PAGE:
Tools, & Craftsmanship
& Drying Fish
Pegs, & Lashings
Clutch & Chain
& Vapor Barriers
Lamps & Gas Stoves
& Spark Plugs
Motor Lower Unit
Motor Cooling System
- Collect as many different kinds of spark plugs as you can find
in the village. How many different kinds do you find? How many
different companies are represented by the plugs? What differences
do you notice among them? How many different kinds of engines
do these plugs represent?
The differences are numerous. The diameter and length of the
threads that go into the cylinder heat, the diameter and length
of the porcelain, the electrodes etc. A collection of 10-15 different
ones is small.
- Compare the length of the plugs, the length exposed within
the cylinder, the length of the threads, and the diameters. Why
do you think there are such differences? Can you find some plugs
that are golden brown, some black, and some that burned too hot?
(You may not, as the golden and white ones might be still in machines.)
- What are the differences in the identification numbers of hot
and cold plugs from the same manufacturer. If you cant tell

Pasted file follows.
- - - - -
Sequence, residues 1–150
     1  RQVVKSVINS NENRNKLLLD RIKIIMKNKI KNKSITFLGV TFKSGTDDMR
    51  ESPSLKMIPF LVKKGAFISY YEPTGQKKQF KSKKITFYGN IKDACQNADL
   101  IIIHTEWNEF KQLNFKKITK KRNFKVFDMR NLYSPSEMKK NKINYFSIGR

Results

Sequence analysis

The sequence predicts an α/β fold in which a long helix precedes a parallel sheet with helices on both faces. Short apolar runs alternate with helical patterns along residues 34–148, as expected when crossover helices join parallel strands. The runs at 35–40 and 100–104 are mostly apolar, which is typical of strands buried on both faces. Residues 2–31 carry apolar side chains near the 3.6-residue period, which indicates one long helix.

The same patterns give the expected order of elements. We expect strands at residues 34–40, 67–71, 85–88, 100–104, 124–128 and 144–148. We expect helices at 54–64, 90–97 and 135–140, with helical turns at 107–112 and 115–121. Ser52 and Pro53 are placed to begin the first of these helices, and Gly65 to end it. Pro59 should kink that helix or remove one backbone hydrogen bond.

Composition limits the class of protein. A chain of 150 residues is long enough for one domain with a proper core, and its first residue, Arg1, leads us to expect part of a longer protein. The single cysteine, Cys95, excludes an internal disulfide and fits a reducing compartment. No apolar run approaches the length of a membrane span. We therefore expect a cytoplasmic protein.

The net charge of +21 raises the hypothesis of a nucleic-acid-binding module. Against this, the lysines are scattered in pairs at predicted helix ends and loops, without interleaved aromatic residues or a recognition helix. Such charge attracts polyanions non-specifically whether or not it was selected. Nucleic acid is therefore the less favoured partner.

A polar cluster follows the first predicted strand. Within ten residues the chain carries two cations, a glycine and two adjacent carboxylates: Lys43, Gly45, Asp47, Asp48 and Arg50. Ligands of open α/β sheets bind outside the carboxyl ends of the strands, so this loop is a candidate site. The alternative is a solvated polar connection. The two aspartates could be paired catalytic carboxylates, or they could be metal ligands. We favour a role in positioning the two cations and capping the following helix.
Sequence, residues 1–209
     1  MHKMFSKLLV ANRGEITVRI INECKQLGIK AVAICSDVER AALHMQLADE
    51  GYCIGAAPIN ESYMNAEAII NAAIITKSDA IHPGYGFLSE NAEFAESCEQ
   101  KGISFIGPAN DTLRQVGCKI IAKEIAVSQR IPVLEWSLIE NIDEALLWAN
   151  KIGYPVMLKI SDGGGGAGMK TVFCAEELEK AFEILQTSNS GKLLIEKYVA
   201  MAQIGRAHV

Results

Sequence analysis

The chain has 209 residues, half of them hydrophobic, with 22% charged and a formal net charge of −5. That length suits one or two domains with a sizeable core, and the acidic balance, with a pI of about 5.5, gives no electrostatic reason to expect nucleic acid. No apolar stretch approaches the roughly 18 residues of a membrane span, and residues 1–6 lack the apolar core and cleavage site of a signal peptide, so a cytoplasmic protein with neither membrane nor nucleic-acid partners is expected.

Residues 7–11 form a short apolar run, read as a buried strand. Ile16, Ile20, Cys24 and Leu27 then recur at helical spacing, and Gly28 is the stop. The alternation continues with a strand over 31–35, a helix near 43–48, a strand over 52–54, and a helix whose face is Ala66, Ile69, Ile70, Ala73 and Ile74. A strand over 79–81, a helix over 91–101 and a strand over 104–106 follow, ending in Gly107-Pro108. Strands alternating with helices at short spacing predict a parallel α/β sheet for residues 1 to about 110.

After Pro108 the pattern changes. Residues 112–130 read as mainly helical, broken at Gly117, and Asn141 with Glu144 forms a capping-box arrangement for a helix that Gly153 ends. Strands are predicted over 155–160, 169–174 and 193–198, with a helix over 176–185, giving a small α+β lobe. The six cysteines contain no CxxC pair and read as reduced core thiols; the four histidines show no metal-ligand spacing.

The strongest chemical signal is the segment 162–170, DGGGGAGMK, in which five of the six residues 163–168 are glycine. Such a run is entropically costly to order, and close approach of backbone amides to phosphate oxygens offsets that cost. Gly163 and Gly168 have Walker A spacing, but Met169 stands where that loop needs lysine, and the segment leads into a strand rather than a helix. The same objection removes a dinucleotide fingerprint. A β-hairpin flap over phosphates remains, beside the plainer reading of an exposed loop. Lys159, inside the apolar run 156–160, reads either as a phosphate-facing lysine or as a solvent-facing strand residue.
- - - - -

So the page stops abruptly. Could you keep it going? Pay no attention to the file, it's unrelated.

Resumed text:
by looking, a manual will tell the difference.
Snowmachine plugs will best illustrate this.
- Find old flywheels. Test the magnets for strength. Are they
strong or weak magnets?
- Get an old and a new spark plug of the same kind. Put the plug
wire of an engine (chainsaw is easiest) on each plug. Hold the
base of the plug against the cylinder of the engine, and crank
the engine over. Do you see a difference in the color of spark
in the new and old plug? (It is hard to see the spark in a bright
If the old plug sparks at all it will probably be yellow or
red. The new one should be blue or white. As stated above, do
this in a dark room, not in direct sunlight. Be careful. You can
get a good shock from this. The person holding the plug to the
cylinder head should not touch any other part of the engine.
- Find a plug that will not fire in the above manner because
of carbon and dirt. Carefully clean the center post with a hairpin,
or other slim object. Can you clean it well enough to give a hot
blue or white spark?
Now is the time to learn. In the middle of a snow or rainstorm
is not the time to experiment.
- Close the gap on an old plug, and test it against the cylinder.
Did the color of the spark change when the gap was made smaller?
It should improve a little, but this doesnt always work.
- Look up the recommended spark plug gap for three or four different
engines. The recommended gap should be in the manual for the machine.